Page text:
What Jotham wants to make clear with his parable is that to rule over others is to spoil the blessing God wants to give. Where people are given the opportunity to rule, the use and blessing of the Holy Spirit (represented in the olive tree), righteousness (represented in the fig tree) and joy (represented in the vine), all gifts of God, are withered. The final result of rule can be seen in the bramble – with which the inhabitants of Succoth have received a sensitive lesson (Jdg 8:1616He took the elders of the city, and thorns of the wilderness and briers, and he disciplined the men of Succoth with them.) – which will cause nothing but pain. Here is shown what human government in the house of God ends in.

The tree here is a picture of a reigning power. We can also see this for example with Nebuchadnezzar (Dan 4:20-2220The tree that you saw, which became large and grew strong, whose height reached to the sky and was visible to all the earth21and whose foliage [was] beautiful and its fruit abundant, and in which [was] food for all, under which the beasts of the field dwelt and in whose branches the birds of the sky lodged—22it is you, O king; for you have become great and grown strong, and your majesty has become great and reached to the sky and your dominion to the end of the earth.). With the trees it is always about bearing fruit and giving it up when to rule is started. By nature, people want to be governed by someone in whose life fruit is seen. The true spirit of government is the spirit of serving (Lk 22:2727For who is greater, the one who reclines [at the table] or the one who serves? Is it not the one who reclines [at the table]? But I am among you as the one who serves.). Exercising authority in the sense of lording is of much less value than fruitful serving.

In the story of the trees, Jotham exposes the character of Abimelech and also the unfair and disingenuous actions of the citizens of Shechem against the memory of his father Gideon. We will see that we can apply Jotham’s story to leadership in individuals, but also to the overemphasis of a particular doctrine. The purpose of the parable is to recognize the guidance of God and to avoid having ourselves confirmed in such a position by others who want to give us a place of honor.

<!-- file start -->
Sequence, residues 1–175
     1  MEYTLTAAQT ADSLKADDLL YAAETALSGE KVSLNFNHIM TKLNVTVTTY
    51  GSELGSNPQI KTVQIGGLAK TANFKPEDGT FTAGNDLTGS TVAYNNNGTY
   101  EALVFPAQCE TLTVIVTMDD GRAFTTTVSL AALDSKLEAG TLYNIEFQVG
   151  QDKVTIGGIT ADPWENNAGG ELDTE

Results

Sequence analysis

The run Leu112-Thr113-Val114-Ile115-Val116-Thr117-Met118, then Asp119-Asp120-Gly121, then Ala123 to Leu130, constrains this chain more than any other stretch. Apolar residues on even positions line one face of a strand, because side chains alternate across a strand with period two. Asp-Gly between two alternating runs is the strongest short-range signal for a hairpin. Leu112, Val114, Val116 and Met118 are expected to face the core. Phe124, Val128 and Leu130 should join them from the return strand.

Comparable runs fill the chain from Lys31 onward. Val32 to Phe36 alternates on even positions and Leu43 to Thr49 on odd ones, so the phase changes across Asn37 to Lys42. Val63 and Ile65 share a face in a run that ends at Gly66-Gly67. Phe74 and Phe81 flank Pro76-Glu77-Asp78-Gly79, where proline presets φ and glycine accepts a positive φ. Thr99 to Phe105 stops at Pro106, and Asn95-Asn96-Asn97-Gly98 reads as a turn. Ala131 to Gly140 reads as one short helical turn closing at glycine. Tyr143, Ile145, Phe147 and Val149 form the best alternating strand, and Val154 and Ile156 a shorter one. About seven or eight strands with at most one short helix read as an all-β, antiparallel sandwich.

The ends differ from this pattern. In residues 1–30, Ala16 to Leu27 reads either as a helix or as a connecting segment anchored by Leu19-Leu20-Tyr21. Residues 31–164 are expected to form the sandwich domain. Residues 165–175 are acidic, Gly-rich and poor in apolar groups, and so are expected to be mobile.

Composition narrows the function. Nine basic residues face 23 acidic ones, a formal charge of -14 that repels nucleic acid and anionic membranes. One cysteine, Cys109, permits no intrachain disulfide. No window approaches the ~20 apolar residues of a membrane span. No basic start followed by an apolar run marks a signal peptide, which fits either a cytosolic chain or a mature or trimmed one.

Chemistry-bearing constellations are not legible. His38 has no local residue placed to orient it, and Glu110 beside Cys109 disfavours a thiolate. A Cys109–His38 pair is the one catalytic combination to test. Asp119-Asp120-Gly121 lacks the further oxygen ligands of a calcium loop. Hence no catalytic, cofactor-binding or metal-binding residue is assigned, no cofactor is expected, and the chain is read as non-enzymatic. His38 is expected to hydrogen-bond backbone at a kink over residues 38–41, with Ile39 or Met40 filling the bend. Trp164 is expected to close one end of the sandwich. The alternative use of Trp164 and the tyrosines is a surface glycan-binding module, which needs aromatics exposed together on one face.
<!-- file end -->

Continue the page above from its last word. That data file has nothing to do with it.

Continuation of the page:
The olive tree is the first tree to speak. He is a picture of the energy and enlightenment, power and fruit of the Holy Spirit. Olive oil kept the candlestick in the tabernacle burning so that there was light (Exo 27:2020“You shall charge the sons of Israel, that they bring you clear oil of beaten olives for the light, to make a lamp burn continually.). We also read that in the Old Testament priests and kings and occasionally prophets are anointed with oil. In the New Testament the believers are seen as priests and kings (Rev 1:66and He has made us [to be] a kingdom, priests to His God and Father—to Him [be] the glory and the dominion forever and ever. Amen.) and the believers are spoken of as people anointed not with literal oil, but with the Holy Spirit (1Jn 2:20,2720But you have an anointing from the Holy One, and you all know.27As for you, the anointing which you received from Him abides in you, and you have no need for anyone to teach you; but as His anointing teaches you about all things, and is true and is not a lie, and just as it has taught you, you abide in Him.). Oil is a picture of the Holy Spirit.

If the work of the Holy Spirit is clearly visible in one’s life, there is a good chance that one will ask him to take the lead. It may also happen in a community of faith that the working and expression of the Holy Spirit is emphasized in such a way that with it His true place is lost. Then the gifts of the Spirit become the yardstick for the assessment of one’s spiritual life. A person who has a certain gift then enjoys a higher regard than someone who does not have the gift in question.

Whoever examines the Bible in this respect will discover that the Holy Spirit did not come to present Himself, but that He came to glorify the Lord Jesus. The Lord Jesus says of the Holy Spirit: “But when He, the Spirit of truth, comes, He will guide you into all the truth; for He will not speak on His own initiative, but whatever He hears, He will speak; and He will disclose to you what is to come. He will glorify Me, for He will take of Mine and will disclose [it] to you” (Jn 16:13-1413But when He, the Spirit of truth, comes, He will guide you into all the truth; for He will not speak on His own initiative, but whatever He hears, He will speak; and He will disclose to you what is to come.14He will glorify Me, for He will take of Mine and will disclose [it] to you.).